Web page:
Gordon Dexter on 19 Dec 2008 15:04:05 -0800

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Re: [PLUG] Waaaaaay OT: Retrain a Beagle

I would think that 2 and 3 would be most effective, especially 3.  
They're also less likely to get you in trouble with the SPCA, methinks.

My parents' labradoodles (they've had them for 3 years now and I still 
feel silly every time I say "labradoodle") didn't learn anything from 
punishment unless you caught them in the act and scolded them 
immediately.  Otherwise they wouldn't connect the deed (usually pooping 
on the kitchen floor) with the scolding and realize that it was 
something they shouldn't do.  The latter two are more clearly linked 
with escaping, and #3 would make sure that the dog is unable to enjoy 
his neighborhood romp and so remove the perceived benefits of escaping.

As for other ideas, I'm sure somebody clever could rig a GPS up to her 
collar and a little microcontroller to determine if she is in the 
allowable range and beep and zap her if she's not, with frequency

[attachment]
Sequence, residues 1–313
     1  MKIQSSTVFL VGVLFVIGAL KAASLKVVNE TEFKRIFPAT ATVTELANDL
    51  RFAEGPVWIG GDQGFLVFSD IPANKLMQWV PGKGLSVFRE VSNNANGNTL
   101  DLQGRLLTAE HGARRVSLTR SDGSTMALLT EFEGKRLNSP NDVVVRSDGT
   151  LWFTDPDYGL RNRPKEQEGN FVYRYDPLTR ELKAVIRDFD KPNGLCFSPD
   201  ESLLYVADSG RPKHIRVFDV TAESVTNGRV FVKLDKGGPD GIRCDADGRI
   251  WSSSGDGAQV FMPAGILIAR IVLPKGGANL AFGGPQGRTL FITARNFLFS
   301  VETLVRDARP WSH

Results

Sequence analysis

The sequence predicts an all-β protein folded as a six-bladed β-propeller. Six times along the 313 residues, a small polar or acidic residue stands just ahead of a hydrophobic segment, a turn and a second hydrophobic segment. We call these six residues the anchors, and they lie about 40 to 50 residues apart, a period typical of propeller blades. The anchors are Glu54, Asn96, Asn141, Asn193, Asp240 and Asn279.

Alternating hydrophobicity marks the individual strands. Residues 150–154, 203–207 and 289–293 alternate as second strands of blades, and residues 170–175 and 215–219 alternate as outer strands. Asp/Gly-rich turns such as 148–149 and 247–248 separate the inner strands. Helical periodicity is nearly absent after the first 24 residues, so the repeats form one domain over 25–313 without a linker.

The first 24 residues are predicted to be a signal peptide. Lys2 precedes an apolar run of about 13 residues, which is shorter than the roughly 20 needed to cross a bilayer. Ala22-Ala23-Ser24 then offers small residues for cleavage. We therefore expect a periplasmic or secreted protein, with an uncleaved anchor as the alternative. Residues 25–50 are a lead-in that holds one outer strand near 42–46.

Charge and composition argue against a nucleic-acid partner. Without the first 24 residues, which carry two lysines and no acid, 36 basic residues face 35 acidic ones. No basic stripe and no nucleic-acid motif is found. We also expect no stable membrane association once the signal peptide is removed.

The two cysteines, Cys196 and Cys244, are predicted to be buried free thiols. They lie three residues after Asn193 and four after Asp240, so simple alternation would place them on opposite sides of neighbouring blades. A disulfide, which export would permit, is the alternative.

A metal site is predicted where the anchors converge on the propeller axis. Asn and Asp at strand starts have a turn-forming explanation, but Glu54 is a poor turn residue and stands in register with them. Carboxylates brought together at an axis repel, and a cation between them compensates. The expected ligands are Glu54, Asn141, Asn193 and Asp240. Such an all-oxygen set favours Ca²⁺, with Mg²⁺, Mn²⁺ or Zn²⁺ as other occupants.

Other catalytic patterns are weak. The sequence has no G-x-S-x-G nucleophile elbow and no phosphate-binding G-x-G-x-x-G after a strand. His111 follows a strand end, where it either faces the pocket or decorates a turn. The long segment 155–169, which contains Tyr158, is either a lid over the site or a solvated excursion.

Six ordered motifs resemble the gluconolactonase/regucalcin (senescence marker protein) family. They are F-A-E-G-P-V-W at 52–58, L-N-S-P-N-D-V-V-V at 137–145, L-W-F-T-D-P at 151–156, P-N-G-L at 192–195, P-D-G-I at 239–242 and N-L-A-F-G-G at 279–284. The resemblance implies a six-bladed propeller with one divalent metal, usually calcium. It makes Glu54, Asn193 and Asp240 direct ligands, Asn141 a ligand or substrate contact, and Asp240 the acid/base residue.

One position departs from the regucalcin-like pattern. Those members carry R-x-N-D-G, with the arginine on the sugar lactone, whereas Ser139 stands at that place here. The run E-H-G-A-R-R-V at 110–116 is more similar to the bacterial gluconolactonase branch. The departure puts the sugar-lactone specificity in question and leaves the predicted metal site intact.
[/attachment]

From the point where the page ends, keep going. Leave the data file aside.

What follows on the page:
increasing as a function of distance.  They might even make those 
already.  Battery life would be an issue though.  As would size.  And 
the only benefit over the radio-based one would be the possibility of a 
non-circular permitted zone.


Casey Bralla wrote:
> OK, I know this is ridiculous, but y'all are the smartest group I know.
> My stoopid beagle (who acts a little autistic) has lost her "invisible fence" 
> training.  She's learned that the short pain of the collar is worth it if she 
> gets to wander around the neighborhood.   She stays in the yard when we are 
> home, but quickly leaves if we do.   We can't leave her tied up because she 
> is able to get tangled very quickly, adn then is stuck outside of her dog 
> house in bad weather. (She's kind of like a reverse-Houdini:  she gets 
> tangled up in her leash when there's nothing to get tangled on!)
> Oddly, she learned the collar _VERY_ fast because even the little beeping 
> noise it made scared her.
> I am thinking of doing something like the following:
> 1.  Beat the crap out of her (figuratively speaking) when she goes outside the 
> fence.
> 2.  Buy a new "high power" collar that she will find more unconfortable.
> 3.  Buy a radio collar which will continue to shock her as long as she is 
> outside the range of the transmitter.
> Anybody have any other ideas?   This dog is kind of sweet, but she's always 
> been a difficult dog to keep due to her many oddities, and this is bringing 
> us to the edge of tolerance.

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